On Clarity of Mind

It’s been a long and hectic year or so. Lots of projects have been in the works for some time, invariably delayed by anything and everything. I’ve always been one to work on a few projects at the same time, moving between them when inspiration or focus would begin to wane. The downside of this sort of process is that sometimes it feels like you have nothing to show for it — you’re always in the middle of something. The plus side, however, is that when things are finished you have a lot of new content to push out, and it feels so much more rewarding.

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But part of this work process is learning how to focus and keep things in order. Move too far to the left or right from your intended path and you’ll be blown off course. But that’s also part of the challenge, and it’s where inspiration can also enter unexpectedly.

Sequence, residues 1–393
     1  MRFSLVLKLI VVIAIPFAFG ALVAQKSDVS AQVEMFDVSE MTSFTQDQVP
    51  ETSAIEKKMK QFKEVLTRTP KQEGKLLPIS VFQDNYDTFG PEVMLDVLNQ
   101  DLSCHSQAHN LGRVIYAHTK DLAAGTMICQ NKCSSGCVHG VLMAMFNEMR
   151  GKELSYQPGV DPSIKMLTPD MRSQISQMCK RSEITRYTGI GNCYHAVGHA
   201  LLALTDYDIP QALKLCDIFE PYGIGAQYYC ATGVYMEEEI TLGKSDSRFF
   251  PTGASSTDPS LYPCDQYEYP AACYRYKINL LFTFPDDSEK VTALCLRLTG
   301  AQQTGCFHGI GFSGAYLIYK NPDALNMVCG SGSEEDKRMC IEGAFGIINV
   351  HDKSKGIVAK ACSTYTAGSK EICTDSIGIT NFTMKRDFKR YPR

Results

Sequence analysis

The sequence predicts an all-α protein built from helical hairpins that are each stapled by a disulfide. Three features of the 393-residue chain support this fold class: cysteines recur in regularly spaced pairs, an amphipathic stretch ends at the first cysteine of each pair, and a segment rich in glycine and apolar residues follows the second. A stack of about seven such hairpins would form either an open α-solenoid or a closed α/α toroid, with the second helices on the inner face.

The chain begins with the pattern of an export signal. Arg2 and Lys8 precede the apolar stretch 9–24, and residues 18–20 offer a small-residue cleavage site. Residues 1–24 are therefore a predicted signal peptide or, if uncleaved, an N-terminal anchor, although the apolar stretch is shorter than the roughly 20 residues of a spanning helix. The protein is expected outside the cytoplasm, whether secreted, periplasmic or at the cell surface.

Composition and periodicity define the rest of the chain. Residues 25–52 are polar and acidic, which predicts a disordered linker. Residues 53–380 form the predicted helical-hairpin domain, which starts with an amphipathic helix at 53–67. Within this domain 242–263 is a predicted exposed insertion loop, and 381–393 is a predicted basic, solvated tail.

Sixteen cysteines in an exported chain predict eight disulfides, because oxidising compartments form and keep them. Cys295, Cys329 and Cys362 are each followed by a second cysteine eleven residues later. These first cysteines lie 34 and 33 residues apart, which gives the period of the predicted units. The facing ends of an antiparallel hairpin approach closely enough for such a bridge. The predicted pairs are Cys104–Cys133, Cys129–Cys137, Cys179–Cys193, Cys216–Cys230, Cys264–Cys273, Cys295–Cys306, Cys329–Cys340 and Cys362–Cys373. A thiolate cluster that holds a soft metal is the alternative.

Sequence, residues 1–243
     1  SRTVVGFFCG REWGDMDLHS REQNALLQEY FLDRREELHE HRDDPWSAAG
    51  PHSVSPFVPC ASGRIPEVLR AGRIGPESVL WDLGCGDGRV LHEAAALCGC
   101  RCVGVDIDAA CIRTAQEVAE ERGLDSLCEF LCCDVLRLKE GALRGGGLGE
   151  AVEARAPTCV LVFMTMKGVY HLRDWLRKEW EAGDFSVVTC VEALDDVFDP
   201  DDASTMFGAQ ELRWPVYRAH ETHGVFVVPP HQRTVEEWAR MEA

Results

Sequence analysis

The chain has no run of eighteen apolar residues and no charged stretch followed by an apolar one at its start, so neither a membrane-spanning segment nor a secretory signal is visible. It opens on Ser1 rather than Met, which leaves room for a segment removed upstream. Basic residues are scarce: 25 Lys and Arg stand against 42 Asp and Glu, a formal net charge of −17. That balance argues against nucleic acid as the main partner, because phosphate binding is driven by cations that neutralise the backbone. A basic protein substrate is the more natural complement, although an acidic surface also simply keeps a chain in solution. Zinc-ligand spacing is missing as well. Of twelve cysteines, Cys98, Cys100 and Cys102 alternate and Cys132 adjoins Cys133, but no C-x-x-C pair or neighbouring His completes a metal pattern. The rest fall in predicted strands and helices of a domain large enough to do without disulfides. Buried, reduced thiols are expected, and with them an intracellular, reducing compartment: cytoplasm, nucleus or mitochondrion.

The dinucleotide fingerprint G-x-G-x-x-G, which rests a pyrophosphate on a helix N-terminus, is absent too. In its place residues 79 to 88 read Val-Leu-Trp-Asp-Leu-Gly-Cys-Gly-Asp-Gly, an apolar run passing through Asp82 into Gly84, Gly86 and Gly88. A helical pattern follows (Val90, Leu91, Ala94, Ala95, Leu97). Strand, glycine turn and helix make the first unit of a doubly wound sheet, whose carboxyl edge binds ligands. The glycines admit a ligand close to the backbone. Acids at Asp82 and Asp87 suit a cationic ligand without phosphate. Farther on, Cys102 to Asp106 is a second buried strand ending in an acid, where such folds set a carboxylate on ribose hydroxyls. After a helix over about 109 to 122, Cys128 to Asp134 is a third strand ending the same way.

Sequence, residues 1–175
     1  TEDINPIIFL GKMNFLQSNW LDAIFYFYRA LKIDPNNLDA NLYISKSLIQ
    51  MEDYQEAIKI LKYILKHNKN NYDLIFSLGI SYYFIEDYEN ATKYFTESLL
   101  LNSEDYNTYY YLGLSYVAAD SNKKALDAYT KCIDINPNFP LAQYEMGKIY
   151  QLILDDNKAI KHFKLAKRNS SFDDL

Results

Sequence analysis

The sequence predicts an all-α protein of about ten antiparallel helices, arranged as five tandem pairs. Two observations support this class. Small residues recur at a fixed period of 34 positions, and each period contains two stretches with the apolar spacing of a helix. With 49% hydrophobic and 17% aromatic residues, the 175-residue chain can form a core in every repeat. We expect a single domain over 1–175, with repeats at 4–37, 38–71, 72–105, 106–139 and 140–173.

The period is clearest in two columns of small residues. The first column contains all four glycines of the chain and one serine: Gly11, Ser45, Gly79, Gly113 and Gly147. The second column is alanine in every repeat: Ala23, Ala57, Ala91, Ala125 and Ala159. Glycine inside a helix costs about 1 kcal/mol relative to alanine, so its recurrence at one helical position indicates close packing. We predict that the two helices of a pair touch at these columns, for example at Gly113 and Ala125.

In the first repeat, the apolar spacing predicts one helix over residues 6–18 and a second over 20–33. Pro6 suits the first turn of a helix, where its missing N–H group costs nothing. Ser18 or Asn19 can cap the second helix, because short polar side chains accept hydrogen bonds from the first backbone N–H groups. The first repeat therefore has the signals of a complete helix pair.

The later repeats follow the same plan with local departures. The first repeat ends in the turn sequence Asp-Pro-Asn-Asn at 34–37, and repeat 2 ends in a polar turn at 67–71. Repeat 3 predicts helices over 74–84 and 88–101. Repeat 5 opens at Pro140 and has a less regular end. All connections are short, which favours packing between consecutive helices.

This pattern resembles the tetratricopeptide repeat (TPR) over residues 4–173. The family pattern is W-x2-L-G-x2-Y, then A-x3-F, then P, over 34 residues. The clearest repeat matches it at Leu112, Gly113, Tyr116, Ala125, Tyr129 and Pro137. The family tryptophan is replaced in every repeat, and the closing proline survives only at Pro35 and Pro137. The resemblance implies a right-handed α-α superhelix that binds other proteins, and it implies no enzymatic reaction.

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A clarity of mind is needed. Learning how to set up editorial calendars, how to organize project drafts, and even maintaining an inspiration archive. You have to learn to think not just vertically — from start to finish — but also horizontally — combining a variety of different inspirations into a singular end result.

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Not everyone works this way, for sure, but it’s the process that works for me. It’s taken time and trial and error to sort it out, but it’s sort of coalesced into a rhythmic routine. And I’ve also learned how to enjoy the process, which is possibly the most important part of creative work.

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Shirt from ASOS / Jeans by Levis / shows from ?ohW Shoes

Photos by Falcon Griffith – @_falconcara_
Jeff Smith

Jeff started in photography and short format video, and he's been at the forefront of the web tv movement. He’s worked on haute couture shoots in Paris, shot street style in Milan, and is currently developing a steady roster of beauty, fashion, and digital clients in NYC.

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